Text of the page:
“Does your sister read our books?” Anna wanted to know.

    “No. She reads literature.”

    —Tove Jansson, The True Deceiver

    Tea and a trio of Tove Jansson novels, submitted by subfuscous.tumblr.com

    Do you have a picture of one of our books with coffee or tea ? Send it to this address and we’ll post them here (making you an honorary member of the Classics and Coffee Club).

  6. 
“I’ve made some coffee. You do drink coffee, don’t you?”
“No,” said Katri pleasantly. “I don’t drink coffee.”
Anna was taken aback, more astonished than hurt. Everyone drinks coffee if it’s offered. It’s only proper; you do it for the hostess’s sake. She said, “Tea, perhaps?”
“No thank you,” said Katri Kling.
—Tove Jansson, The True Deceiver, translated by Thomas Teal


(Chad Post of Three Percent recently picked The True Deceiver as one of the 20 Best Books in Translation You’ve Never Read.)
Do you have a picture of one of our books with coffee or tea (hot or iced)? Send it to this address and we’ll post them here (making you an honorary member of the Classics and Coffee Club).

    “I’ve made some coffee. You do drink coffee, don’t you?”

    “No,” said Katri pleasantly. “I don’t drink coffee.”

    Anna was taken aback, more astonished than hurt. Everyone drinks coffee if it’s offered. It’s only proper; you do it for the hostess’s sake. She said, “Tea, perhaps?”

    “No thank you,” said Katri Kling.

    —Tove Jansson, The True Deceiver, translated by Thomas Teal

    (Chad Post of Three Percent recently picked The True Deceiver as one of the 20 Best Books in Translation You’ve Never Read.)

    Do you have a picture of one of our books with coffee or tea (hot or iced)? Send it to this address and we’ll post them here (making you an honorary member of the Classics and Coffee Club).

  7. Happy 10th Birthday London Review Bookshop!

    image

    Our friends at London Review Bookshop compiled a list of their Top Ten Most Popular Fiction Books to commemorate turning ten, and guess what?!  The Summer Book by Tove Jansson (in a lovely edition from Jansson’s UK publisher, Sort Of Books) and The Case of Comrade Tulayev by Victor Serge top the list.

    Congratulations, London Review Bookshop, and thank you for being such great supporters!

  8. “Each time I return to her I am reminded of what matters: love and work, the simplest things.” →

    Kathryn Heyman would rather take Tove Jansson’s Fair Play with her to a desert island than the complete works of Shakespeare.

  9. Tove Jansson: The Artist Whose Writing You Need To Know →

    How did we miss this nice endorsement of Tove Jansson from inkt|art, a journal of women in comics? (A journal that lists Nicole Hollander as “grande dame” in its masthead!)

  10. myimaginarybrooklyn:

booksactually:
“Katri was silent. When her silence continued, Anna understood that she’d said something important. She repeated it. ‘One for me and one for you. We’ll share. We’ll share Central Europe.’ It sounded adventurous. She said it again. Katri drew a deep breath and said, with a certain chill, that it was out of the question. But if Anna had no objection, they could assign half the royalty from United Rubber to Mats.‘Do so,’ said Anna. ‘That’s fine. And not another word about United Rubber, ever.’Katri opened the black notebook and, in her own sweeping hand, wrote, ‘Mats 1%’.‘Is there anything else of importance ?’‘No, Anna,’ Katri said. ‘We’ve done what matters most.’”— from The True Deceiver by Tove Jansson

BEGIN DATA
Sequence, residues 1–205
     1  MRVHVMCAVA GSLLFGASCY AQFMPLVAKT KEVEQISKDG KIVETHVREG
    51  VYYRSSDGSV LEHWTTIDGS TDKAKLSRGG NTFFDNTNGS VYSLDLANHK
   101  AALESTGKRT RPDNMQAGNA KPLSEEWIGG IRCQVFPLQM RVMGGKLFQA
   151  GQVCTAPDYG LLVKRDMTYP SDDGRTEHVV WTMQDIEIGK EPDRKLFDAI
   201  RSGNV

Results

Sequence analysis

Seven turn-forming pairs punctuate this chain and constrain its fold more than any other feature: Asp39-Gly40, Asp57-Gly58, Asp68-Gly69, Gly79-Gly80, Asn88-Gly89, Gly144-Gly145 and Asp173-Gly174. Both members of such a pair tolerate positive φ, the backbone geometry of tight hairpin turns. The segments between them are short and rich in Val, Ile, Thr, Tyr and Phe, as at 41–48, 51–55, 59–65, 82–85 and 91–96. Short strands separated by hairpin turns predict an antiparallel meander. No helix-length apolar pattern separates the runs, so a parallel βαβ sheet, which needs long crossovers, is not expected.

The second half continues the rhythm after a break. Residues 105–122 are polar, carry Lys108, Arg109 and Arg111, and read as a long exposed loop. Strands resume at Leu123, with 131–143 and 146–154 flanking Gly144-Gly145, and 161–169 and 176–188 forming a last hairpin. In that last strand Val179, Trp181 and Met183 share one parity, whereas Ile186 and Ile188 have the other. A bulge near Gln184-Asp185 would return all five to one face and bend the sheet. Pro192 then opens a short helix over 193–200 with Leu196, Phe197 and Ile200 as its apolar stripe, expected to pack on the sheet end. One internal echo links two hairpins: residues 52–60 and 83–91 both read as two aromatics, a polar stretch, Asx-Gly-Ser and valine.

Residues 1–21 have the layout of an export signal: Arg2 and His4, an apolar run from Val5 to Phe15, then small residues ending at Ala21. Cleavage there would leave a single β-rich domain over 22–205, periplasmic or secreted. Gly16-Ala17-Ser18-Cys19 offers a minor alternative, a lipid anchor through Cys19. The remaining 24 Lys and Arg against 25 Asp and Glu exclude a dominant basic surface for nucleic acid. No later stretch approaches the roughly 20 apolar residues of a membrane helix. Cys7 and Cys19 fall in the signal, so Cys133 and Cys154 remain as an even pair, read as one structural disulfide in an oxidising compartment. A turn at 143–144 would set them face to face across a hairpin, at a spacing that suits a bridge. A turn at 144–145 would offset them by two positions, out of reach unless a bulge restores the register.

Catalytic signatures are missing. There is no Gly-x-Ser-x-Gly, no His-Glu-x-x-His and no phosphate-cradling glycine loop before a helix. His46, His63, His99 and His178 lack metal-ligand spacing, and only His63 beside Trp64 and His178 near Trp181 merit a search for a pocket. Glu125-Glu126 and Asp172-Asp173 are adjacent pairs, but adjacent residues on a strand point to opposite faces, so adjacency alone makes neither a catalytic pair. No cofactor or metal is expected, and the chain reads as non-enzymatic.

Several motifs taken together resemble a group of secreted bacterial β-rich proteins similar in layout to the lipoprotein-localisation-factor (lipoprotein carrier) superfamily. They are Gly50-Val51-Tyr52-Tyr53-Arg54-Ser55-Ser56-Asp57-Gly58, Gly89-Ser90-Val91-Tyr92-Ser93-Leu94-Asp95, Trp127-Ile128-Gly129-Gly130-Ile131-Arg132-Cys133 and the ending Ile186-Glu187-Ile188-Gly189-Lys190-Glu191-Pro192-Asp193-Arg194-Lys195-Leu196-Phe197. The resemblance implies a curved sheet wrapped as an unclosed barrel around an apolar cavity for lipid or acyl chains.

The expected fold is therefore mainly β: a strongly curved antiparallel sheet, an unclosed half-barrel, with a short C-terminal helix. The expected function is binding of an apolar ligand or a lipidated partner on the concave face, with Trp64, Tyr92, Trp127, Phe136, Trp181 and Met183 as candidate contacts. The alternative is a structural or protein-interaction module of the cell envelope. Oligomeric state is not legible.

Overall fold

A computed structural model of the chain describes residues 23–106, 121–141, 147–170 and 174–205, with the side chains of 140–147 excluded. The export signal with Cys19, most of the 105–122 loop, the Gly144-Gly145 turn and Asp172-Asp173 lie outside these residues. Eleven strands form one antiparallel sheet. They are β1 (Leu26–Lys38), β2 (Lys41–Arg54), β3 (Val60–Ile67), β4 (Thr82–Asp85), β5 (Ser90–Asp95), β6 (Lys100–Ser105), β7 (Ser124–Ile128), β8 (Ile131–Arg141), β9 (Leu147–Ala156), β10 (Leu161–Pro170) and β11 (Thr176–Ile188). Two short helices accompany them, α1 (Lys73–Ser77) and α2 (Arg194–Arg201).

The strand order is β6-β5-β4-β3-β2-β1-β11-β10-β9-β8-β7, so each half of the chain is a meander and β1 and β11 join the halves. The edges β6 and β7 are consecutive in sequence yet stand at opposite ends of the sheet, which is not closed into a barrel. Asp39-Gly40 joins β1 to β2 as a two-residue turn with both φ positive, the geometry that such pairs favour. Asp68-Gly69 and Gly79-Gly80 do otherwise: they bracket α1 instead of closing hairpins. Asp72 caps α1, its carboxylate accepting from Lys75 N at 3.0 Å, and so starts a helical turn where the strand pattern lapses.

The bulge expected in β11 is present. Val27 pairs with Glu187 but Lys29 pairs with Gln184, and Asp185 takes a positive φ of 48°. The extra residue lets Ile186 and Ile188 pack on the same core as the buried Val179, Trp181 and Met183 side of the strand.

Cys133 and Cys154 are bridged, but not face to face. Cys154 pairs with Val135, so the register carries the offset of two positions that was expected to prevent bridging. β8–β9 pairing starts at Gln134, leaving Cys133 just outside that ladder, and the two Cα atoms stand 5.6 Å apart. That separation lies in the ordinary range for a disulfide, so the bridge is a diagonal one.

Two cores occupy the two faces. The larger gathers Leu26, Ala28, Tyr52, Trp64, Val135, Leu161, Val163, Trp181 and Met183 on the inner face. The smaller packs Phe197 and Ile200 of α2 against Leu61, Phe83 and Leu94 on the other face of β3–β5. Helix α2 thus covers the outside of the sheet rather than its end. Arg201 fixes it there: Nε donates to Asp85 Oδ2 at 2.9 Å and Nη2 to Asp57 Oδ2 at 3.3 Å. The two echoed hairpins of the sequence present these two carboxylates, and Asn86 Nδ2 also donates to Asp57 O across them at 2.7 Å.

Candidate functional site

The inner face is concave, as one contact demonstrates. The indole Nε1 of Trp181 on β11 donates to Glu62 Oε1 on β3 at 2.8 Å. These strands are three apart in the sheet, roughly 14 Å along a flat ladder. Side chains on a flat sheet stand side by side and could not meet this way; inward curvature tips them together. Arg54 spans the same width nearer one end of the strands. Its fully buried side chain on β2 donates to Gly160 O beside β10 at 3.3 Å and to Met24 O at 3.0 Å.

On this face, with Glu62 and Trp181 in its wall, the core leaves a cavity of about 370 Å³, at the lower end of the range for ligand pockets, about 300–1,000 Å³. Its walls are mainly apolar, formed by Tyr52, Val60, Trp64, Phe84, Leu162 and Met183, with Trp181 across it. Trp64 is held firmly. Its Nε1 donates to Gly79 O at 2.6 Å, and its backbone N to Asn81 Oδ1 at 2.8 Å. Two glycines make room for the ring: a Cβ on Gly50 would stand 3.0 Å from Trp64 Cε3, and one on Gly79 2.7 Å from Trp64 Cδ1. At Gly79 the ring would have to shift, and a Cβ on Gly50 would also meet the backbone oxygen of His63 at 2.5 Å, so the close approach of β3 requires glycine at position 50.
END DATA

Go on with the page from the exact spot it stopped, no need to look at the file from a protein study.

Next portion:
myimaginarybrooklyn:

    booksactually:

    “Katri was silent. When her silence continued, Anna understood that she’d said something important. She repeated it. ‘One for me and one for you. We’ll share. We’ll share Central Europe.’ It sounded adventurous. She said it again. Katri drew a deep breath and said, with a certain chill, that it was out of the question. But if Anna had no objection, they could assign half the royalty from United Rubber to Mats.

    ‘Do so,’ said Anna. ‘That’s fine. And not another word about United Rubber, ever.’

    Katri opened the black notebook and, in her own sweeping hand, wrote, ‘Mats 1%’.

    ‘Is there anything else of importance ?’

    ‘No, Anna,’ Katri said. ‘We’ve done what matters most.’”

    — from The True Deceiver by Tove Jansson

  11. To your right: the first of what’s sure to be the most heartwarming Valentine’s Day gift idea you’ll get from us, courtesy of Drawn and Quarterly:

    librairiedrawnandquarterly:

    Two new colour Moomins!

  12. Wondering where to start with Tove Jansson's children's books? →

    Philip Nel can help

  13. From now until October 4, 2012 you can listen to the BBC Radio 4 adaptation of Tove Jansson’s Summer Book, read by Phyllida Law and Sophie Thompson.

    From now until October 4, 2012 you can listen to the BBC Radio 4 adaptation of Tove Jansson’s Summer Book, read by Phyllida Law and Sophie Thompson.

  14. The Summer Book—An Underrated Book You Should Read

    Depending on what kind of kid you were, you may know Finnish author Tove Jansson as the author of the delightful Moomin books — but in our opinion, her success with children’s books has overshadowed her beautiful, glistening prose for adults, particularly The Summer Book, a collection of twenty-two vignettes on the nature of summer, each one its own perfect bauble to be cherished and shined once a year.

    —Emily Temple, for an article titled "10 Underrated Books Everyone Should Read" in Flavorwire. The Summer Book has been a not-so-secret favorite for many NYRB Classics super-fans and staff. And if this doesn’t pull you in, Buzzfeed points out that Tove Jansson is one of "30 Renowned Authors Inspired By Cats." 

  15. It's Tove Jansson's birthday and the ebook of her Summer Book went on sale yesterday. →

    (click the above for links to on-line and independent booksellers that carry NYRB Classics including the Apple iBookstore)